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Grounded LIAT aircraft in Antigua in April 2020 after the COVID-19 pandemic began to impact the Caribbean.
Grounded LIAT aircraft in Antigua in April 2020 after the COVID-19 pandemic began to impact the Caribbean.
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Regional carrier, LIAT has suspended all passenger services for the next 14 days due to the impact of COVID-19, the airline announced on Friday.

The airline will only operate charters and cargo flights during this period.

Chief Executive Officer, Julie Reifer Jones explained that the imposition of travel bans and border closures had ground regional travel to a halt.

“We tried to maintain a limited schedule. However, the present conditions make this impossible.”

As a result, LIAT has implemented a temporary suspension of passenger services from April 4, for 14 days in the first instance.

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The suspension will be reviewed after the first 14 days.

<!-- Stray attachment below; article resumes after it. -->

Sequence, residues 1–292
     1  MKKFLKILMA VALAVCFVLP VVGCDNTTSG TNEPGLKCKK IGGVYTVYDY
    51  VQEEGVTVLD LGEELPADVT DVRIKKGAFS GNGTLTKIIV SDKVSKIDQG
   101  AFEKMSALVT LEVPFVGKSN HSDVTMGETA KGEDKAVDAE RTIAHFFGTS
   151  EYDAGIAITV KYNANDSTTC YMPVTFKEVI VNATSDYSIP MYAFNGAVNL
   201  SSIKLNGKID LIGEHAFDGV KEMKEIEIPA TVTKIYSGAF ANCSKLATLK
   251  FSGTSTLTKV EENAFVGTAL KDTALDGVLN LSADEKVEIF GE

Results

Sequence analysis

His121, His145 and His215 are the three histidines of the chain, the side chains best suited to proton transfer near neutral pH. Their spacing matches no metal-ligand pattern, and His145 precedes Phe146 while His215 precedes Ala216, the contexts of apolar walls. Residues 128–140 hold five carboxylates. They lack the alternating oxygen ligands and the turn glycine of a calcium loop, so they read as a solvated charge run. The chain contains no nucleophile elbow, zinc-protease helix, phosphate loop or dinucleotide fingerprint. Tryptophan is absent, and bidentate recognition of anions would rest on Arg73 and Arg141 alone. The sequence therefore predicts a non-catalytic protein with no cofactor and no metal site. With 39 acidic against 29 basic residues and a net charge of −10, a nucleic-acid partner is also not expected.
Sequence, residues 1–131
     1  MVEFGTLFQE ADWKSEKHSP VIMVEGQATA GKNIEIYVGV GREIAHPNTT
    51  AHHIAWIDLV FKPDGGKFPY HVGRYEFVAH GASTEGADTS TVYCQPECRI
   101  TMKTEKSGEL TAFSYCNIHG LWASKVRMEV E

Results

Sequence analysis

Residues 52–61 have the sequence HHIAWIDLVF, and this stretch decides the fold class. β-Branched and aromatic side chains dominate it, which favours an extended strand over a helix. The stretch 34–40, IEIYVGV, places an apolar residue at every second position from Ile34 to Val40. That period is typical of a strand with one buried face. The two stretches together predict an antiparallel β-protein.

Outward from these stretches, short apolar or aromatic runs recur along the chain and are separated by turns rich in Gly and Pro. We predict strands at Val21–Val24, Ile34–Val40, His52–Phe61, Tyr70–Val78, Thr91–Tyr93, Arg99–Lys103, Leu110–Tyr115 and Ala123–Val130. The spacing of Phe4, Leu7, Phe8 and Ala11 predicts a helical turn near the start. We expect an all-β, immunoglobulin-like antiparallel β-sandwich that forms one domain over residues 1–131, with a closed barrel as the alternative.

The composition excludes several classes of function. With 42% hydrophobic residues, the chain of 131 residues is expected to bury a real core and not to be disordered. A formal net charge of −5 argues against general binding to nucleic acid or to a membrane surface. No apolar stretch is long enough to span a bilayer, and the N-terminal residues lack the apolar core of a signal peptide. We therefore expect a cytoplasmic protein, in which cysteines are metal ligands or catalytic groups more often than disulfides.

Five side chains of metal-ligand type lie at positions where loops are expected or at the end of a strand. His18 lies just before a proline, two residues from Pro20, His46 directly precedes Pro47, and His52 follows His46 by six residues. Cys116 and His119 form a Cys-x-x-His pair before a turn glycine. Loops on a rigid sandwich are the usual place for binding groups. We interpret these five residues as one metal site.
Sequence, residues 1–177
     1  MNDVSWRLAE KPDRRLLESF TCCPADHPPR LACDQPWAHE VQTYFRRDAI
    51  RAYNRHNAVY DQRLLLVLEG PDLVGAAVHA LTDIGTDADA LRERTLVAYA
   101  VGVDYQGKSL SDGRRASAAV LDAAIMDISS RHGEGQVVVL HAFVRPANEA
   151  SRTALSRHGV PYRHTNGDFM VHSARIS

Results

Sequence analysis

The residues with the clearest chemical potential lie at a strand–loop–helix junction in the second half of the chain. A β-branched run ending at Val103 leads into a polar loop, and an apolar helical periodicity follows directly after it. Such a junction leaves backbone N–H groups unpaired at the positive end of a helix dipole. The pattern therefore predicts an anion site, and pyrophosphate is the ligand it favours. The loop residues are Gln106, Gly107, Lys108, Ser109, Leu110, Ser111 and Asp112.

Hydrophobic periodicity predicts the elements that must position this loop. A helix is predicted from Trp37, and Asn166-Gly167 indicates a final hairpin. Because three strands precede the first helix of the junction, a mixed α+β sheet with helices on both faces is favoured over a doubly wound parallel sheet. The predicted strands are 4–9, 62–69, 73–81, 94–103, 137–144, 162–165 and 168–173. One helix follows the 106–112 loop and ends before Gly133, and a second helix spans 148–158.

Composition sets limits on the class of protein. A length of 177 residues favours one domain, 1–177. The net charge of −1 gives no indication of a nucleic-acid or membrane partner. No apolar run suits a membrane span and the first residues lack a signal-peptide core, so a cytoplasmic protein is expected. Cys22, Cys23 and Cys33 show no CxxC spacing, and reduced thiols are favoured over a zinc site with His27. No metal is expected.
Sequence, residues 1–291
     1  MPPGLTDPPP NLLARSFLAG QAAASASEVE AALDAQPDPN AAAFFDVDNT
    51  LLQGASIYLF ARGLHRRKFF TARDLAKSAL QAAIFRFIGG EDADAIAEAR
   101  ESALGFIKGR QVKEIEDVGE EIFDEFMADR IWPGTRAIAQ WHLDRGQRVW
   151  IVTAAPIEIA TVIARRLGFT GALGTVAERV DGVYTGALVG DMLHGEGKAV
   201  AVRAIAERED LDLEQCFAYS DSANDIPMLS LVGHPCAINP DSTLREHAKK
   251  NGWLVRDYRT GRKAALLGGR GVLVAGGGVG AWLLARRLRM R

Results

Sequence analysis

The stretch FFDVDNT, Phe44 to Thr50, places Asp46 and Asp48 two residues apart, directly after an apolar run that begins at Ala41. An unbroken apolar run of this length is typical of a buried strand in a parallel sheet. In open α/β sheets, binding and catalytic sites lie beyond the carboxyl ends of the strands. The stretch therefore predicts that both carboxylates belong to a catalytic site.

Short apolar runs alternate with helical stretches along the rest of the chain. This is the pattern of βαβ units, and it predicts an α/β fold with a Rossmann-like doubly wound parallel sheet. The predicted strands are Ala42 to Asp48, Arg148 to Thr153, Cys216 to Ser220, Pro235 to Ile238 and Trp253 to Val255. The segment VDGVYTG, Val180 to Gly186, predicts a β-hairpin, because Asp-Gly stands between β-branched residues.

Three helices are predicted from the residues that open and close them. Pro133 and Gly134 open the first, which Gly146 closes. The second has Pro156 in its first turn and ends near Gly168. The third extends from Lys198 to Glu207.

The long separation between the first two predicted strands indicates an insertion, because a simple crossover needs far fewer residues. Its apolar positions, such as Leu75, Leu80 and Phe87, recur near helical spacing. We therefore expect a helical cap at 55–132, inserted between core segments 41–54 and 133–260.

The airline has issued a travel advisory for all affected passengers. Passengers booked during the period of suspension will automatically have their bookings cancelled and will receive a full credit. Passengers will be able to rebook as soon as the airline resumes passenger services.

Reifer-Jones said this is an extremely challenging time for the airline, its employees and other stakeholders.

She disclosed that the airline had implemented several other measures including temporary layoffs and reduced working hours.

In addition, the airline’s board of directors is in direct communication with regional governments to secure a support package that would see the company maintain a limited schedule when the situation allows.

“LIAT will continue to review the rapidly changing situation and remains committed to ensuring that our region is connected. The airline is grateful to our staff, customers and stakeholders for their loyalty and understanding during this unprecedented period,” the airline said in a statement.

Meanwhile, Chair of LIAT’s shareholder government, Prime Minister of St. Vincent and the Grenadines, Ralph Gonsalves, said this week that would have cost the airline US$8 million per month to continue flying with its “slim down service”.

“Of course, if we closed it, we require US$6 million. I am talking about the shareholder government, Antigua and Barbuda, Barbados, Dominica, St. Vincent and the Grenadines,” Gonsalves said.